Non-dom tax changes will take effect from 6 April 2017
The government announced on 13 July that significant changes to the tax treatment of non-UK domiciliaries which were put on hold pending the general election will go ahead in a Finance Bill to be presented to parliament in the autumn. The announcements confirm that the changes will take effect from 6 April 2017 as originally intended. This ends months of uncertainty in relation to extensive draft legislation which was unexpectedly removed from the pre-election Finance Bill.
Revised draft legislation published last week substantially reflects the pre-election version. The new rules include:
- The extension of deemed domiciled status to apply for all tax purposes once an individual has been resident in 15 of the previous 20 tax years.
- A new deemed domiciled status for individuals who were born in the UK with a UK domicile of origin who subsequently acquired a domicile of choice elsewhere. Broadly, such individuals will be treated as UK domiciled for tax years in which they are resident in the UK.
- A two-year window until 5 April 2019 during which non-UK domiciliaries can segregate mixed funds into their different elements, enabling them to identify clean capital which can be used in the UK without a tax charge.
- For those who will become deemed domiciled on 6 April 2017, the rebasing of directly-held foreign assets to their market value on 5 April 2017 for capital gains tax purposes.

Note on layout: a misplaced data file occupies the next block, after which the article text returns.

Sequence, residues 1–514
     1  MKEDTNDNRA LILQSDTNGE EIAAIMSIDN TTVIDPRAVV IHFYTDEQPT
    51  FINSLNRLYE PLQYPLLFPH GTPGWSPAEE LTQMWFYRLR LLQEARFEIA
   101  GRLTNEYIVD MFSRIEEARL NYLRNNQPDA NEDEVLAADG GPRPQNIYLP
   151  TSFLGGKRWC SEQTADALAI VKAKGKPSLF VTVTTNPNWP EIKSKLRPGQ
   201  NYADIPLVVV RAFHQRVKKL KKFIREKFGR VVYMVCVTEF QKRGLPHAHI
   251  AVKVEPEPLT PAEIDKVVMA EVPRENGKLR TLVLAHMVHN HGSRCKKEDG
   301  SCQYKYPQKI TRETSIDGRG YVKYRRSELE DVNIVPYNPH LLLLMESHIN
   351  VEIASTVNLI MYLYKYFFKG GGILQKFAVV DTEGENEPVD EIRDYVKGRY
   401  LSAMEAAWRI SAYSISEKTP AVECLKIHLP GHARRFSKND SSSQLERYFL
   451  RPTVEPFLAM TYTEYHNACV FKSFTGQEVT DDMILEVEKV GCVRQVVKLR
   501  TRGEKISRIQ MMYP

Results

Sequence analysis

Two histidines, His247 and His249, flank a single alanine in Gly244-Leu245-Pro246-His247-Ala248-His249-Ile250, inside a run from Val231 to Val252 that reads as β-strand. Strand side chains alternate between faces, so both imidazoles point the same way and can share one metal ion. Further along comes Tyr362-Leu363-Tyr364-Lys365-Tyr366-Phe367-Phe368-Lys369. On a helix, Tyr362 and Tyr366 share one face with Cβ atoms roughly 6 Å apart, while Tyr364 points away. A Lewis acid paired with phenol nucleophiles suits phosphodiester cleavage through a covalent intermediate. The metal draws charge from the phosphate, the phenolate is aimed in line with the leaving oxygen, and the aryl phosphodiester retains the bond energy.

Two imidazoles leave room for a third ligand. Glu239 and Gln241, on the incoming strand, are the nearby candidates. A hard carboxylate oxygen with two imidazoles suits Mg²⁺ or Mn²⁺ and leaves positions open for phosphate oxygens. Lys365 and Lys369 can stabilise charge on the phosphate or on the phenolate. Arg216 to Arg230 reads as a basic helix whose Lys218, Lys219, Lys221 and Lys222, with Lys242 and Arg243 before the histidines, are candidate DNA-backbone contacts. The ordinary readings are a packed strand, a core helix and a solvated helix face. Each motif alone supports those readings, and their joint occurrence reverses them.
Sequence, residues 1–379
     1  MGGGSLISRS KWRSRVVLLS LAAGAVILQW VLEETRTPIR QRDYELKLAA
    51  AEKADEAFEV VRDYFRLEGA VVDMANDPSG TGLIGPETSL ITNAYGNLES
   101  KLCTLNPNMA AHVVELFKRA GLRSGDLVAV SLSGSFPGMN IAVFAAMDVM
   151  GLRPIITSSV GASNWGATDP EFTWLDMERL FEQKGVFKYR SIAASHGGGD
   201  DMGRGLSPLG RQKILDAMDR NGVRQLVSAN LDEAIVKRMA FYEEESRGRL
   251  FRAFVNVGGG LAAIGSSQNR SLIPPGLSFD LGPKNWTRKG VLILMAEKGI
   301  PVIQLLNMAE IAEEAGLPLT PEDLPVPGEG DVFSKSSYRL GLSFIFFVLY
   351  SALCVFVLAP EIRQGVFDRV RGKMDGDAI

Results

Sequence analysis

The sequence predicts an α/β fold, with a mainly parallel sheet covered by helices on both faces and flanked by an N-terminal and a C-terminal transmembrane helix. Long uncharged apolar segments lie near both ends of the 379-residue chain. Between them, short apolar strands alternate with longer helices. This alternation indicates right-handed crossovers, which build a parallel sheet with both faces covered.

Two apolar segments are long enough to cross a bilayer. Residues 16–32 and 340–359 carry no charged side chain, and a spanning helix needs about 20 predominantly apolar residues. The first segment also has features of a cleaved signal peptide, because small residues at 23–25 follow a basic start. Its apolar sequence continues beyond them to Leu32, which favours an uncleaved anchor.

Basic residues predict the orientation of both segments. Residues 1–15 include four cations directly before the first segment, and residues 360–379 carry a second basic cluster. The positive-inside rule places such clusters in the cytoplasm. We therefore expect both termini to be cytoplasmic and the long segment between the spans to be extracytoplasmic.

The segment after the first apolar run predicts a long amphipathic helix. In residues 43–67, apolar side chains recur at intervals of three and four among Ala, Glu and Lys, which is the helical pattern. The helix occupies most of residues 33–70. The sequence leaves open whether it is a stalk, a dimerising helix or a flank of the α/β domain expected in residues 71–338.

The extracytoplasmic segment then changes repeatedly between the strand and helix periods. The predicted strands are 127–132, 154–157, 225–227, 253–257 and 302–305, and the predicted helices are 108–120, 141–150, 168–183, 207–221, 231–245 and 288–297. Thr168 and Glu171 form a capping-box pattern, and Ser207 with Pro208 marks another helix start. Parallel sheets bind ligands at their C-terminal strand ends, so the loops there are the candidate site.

- A limited "protected" tax status for non-UK resident trusts settled by non-UK domiciliaries prior to becoming UK deemed domiciled, subject to certain conditions. The benefits of protected status include the ability to roll up capital gains and non-UK source income within the trust free of tax pending the receipt of a benefit by the settlor or other beneficiaries.
- Reforms to the way benefits (such as the use of chattels, the occupation of property and the provision of loans on beneficial terms) provided to beneficiaries of non-UK trusts are valued.
- The removal of inheritance tax advantages associated with the use of corporate structures to hold UK residential property. The new rules, in essence, treat the interest in the holding entity as within the scope of inheritance tax even in the hands of a non-UK domiciliary.
- Provisions designed to counter the use of loans to protect residential properties from inheritance tax.
It now seems likely that the changes will become law. However, given the uncertain political climate, clients are advised to continue to exercise caution where possible until the Bill has completed its passage through parliament, which is expected to be in October/November.
Legislation to implement additional changes to the taxation of trusts (including certain anticipated anti-avoidance provisions) is expected in a later Finance Bill to take effect from 6 April 2018.
Please get in touch with your usual contact for advice on how these announcements affect you.